Throwback to When Scottie Pippen TOOK OVER Chicago Bulls Leadership in Michael Jordan’s Absence

When Michael Jordan decided to retire from Basketball, Scottie Pippen stepped up to lead the Chicago Bulls and exceeded expectations.

Published on Apr 08, 2024  |  02:00 AM IST |  81.1K
Source: Getty Images
Source: Getty Images

Michael Jordan and the Chicago Bulls dominated the '90s era of Basketball. But there was one season in which the Bulls, despite Jordan's absence, managed to put together a respectable season under the leadership of one Scottie Pippen.

In October 1993, after Jordan shockingly stepped away from Basketball to pursue professional Baseball, his absence raised many questions, including who would take Jordan's place as a capable team leader. Jordan's role in the team was paramount as he led the Bulls to their first 3-peat.   

Scottie Pippen stepped up to the challenge and was rightly the deserving choice. Having been the second lead to Jordan, the seven-time All-Star was aware of the winning mentality and what it took to get to the finish line. Led by head coach Phil Jackson, the Bulls were ready to take center stage and surprise the league, which they did. 

Pippen’s Efforts Earned the Bulls Relative Success

The Bulls began their 1993-94 campaign with an overtime win over the Charlotte Hornets but struggled to maintain their winning ways. With Pippen sidelined due to an ankle injury, the Bulls went 4-7 in their next eleven games. But after Pippen’s return, things started to look better almost instantaneously.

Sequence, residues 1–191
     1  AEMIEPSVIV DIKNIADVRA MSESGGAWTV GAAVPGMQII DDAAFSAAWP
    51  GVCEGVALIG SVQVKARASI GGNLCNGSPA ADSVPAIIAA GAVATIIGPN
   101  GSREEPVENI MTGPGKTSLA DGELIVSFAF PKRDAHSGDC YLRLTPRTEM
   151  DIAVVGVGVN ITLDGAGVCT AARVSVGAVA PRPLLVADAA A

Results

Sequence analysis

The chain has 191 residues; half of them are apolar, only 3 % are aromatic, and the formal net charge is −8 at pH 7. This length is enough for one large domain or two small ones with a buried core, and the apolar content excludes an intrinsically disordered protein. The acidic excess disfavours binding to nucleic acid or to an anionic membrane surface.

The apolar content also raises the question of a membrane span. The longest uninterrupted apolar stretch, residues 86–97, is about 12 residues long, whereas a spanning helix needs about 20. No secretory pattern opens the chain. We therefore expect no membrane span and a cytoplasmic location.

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The Bulls went on a ten-game winning streak in December and a seven-game winning streak in January. Going into the All-Star break, they were 34-13, tied for the best record in the East with the Atlanta Hawks.

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Leading up to the All-Star break, Pippen averaged a decent 21.7 points, 8.5 rebounds, and 5.6 assists in 37 games. In the 1994 All-Star game, Pippen led by example, scoring a double-double of 29 points, 11 rebounds, and four steals on 60% shooting, earning himself his first (and only) All-Star MVP award. 

After finishing their regular season with a 55-27 record, the Bulls made quick work of the Cleveland Cavaliers in the first round of the playoffs by beating them 3-0 (up until 2003, the first round of playoffs was best-of-five). In the Eastern Conference SemiFinals, the Bulls met the Knicks in a closely contested series and fell 4-3. 

Pippen Had an MVP-Type Season

Despite the second-round loss, basketball fans appreciated the Bulls' efforts with Pippen at the helm. In an interview with NBC in 1994, Pippen remarked, "I think for many years people have said I'm not an All-Star; I'm riding Michael's coattails. This was an opportunity for me to really step forth and show some leadership."  


In the 1994 season, Pippen posted 22 points, 8.7 rebounds, 5.6 assists, and 2.9 steals per game. He shot 49.1% from the field and led the team in scoring, assists, and steals. He finished third in MVP voting behind eventual champion Hakeem Olajuwon and David Robinson and also earned All-NBA First Team and NBA All-Defensive First Team selections. 

Though many don’t remember Pippen’s sole Bulls season without MJ, he showed that he has the capability to lead a talented team while managing to maintain the reputation of the Bulls Franchise. 

 

ALSO READ: When Did Michael Jordan Retire? Exploring NBA Legend’s Second Unretirement Rumors. 

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